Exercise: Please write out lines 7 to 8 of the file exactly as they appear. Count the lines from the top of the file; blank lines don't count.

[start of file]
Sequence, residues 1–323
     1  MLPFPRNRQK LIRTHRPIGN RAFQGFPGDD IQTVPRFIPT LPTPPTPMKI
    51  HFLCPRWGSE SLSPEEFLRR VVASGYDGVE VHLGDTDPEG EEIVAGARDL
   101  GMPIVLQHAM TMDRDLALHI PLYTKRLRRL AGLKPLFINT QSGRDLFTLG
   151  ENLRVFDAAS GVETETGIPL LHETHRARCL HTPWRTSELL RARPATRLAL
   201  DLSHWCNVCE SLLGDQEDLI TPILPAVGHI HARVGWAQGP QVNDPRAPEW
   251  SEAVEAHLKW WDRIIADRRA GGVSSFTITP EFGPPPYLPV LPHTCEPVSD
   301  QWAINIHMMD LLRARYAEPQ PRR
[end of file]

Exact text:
   251  SEAVEAHLKW WDRIIADRRA GGVSSFTITP EFGPPPYLPV LPHTCEPVSD
   301  QWAINIHMMD LLRARYAEPQ PRR